Mehmet Pashë Dërralla

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Mehmet Dërralla
General Staff of the Ottoman empire Gendarmerie
In office
? – 1878
Provisional Government of Albania Minister of War
In office
Personal details
Born 1843
Gradec, Kalkandelen, Ottoman Empire
Died 1918 (aged 75)
Podgorica, Kingdom of Yugoslavia
Nationality Albania Albanian
Awards Order of Freedom (Kosovo) [1]
Military service
Allegiance League of Prizren
League of Peja
Provisional Government of Albania
Battles/wars Albanian Revolt of 1912
Albania during the Balkan Wars

Mehmet Pashë Dërralla also known as Kallkandeleni, was one of the signatories of the Albanian Declaration of Independence.[2] Mehmet Pashë Dërralla was the Minister of War in the Provisional Government of Albania. He was a major figure of anti-Ottoman uprisings, and also opposed Serbian and Montenegrin encroachments.[3]


Early life[edit]

Mehmet Dërralla was born in 1843, the year of the Uprising of Dervish Cara, in Gradec, Kalkandelen (present day Tetovo).[2] He was the son of noted Albanian patriot, Hasan Dërralla.[3] He went to Maktab in Kalkandelen and completed secondary education in Uskub (present day Skopje) and Monastir. Dërralla did his tertiary education at the Military Academy of Istanbul.[3] After graduating with top marks, Dërralla served in the infantry regiment in Anatolia. After serving for several years, Dërralla was promoted to the General Staff and was given the title of Pasha.

Ottoman duty[edit]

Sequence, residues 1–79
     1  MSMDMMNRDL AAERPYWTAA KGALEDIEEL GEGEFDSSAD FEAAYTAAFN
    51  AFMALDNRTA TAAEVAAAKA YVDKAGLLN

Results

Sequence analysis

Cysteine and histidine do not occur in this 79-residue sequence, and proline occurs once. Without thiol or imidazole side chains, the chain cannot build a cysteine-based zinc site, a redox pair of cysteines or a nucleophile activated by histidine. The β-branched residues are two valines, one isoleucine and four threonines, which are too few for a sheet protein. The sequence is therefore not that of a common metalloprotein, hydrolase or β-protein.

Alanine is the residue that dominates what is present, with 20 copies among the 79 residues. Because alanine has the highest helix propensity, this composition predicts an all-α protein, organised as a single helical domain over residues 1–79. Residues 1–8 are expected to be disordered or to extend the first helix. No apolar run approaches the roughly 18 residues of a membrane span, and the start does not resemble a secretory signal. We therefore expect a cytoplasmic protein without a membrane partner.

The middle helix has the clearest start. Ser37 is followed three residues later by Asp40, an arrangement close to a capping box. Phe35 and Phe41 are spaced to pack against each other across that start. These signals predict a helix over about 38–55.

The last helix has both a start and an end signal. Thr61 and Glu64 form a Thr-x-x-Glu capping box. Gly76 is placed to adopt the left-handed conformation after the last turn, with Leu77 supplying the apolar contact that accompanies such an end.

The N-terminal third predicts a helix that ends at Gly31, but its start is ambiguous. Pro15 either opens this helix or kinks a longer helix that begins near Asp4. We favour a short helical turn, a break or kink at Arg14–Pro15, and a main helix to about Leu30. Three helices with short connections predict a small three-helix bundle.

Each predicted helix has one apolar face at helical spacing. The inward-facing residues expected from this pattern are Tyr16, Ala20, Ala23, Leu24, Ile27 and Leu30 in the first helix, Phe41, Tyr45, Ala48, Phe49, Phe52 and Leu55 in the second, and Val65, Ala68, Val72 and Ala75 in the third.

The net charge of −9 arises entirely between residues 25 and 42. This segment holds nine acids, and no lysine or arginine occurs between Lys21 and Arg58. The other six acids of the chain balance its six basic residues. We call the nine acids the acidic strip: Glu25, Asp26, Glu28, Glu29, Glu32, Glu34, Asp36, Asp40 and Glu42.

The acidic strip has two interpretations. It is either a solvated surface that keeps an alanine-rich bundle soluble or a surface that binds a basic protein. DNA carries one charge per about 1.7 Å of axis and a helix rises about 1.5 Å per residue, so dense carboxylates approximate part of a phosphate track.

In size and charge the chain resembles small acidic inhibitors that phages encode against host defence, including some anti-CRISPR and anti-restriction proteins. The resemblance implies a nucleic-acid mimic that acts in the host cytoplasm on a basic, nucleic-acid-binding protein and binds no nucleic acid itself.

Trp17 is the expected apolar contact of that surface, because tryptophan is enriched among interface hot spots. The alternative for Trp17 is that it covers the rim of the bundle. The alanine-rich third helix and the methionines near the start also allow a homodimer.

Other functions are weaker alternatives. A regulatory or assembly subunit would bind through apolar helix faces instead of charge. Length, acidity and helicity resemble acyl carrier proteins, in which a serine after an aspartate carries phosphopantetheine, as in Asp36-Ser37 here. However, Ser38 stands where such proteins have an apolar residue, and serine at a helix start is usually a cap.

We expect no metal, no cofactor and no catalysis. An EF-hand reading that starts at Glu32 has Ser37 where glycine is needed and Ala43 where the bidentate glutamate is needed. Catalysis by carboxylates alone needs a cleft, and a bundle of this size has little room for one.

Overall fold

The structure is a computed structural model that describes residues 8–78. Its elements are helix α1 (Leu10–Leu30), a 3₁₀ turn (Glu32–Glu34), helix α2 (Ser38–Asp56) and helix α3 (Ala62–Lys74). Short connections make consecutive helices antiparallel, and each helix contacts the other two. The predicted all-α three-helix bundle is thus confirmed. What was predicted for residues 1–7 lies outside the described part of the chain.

Dërralla served as the general of the gendarmerie and exercised high military functions in Baghdad, later in Aleppo and than finally Selanik (present day Thessaloniki). After serving in Salonika, Dërralla moved to Uskub where he commanded the Prizren Vilayet. Shortly after, Dërralla ended his career as General in the Ottoman army.

The Albanian uprising[edit]

Dërralla changed allegiance when using his influence, lifted protests in Kosovo and joined the Volunteer Army of the League of Prizren. Mehmet Dërralla was appointed adviser to Sulejman Vokshi, who was the Defence minister of the cabinet.[2]

The Prizren League had 16,000 armed members under its control, who launched a revolution against the Ottoman Empire after the debacle at the Congress of Berlin and the official dissolution of the League ordered by the Ottomans who feared the League would seek total independence from the empire. The Albanian rebels were able to kill Mehemed Ali Pasha, the Turkish emissary, in Yakova in August 1878.[4][5] The Ottoman Empire sought to suppress the League and they dispatched an army led by Turkish commander Dervish Pasha, that by April 1881 had captured Prizren and crushed the resistance at Ulcinj.

After escaping arrest by the Ottoman authority, Dërralla went to contribute his services to the League of Peja, a political organization established in 1899 in the city of Peja. It was led by Haxhi Zeka, a former member of the League of Prizren. However, like the League of Prizren, the League of Peja was stopped by Ottoman forces. During the crisis, Dërralla was detained by government forces and was exiled to the deserts of Iraq.[3] Dërralla returned to Kosovo due to receiving amnesty after the Young Turks uprising.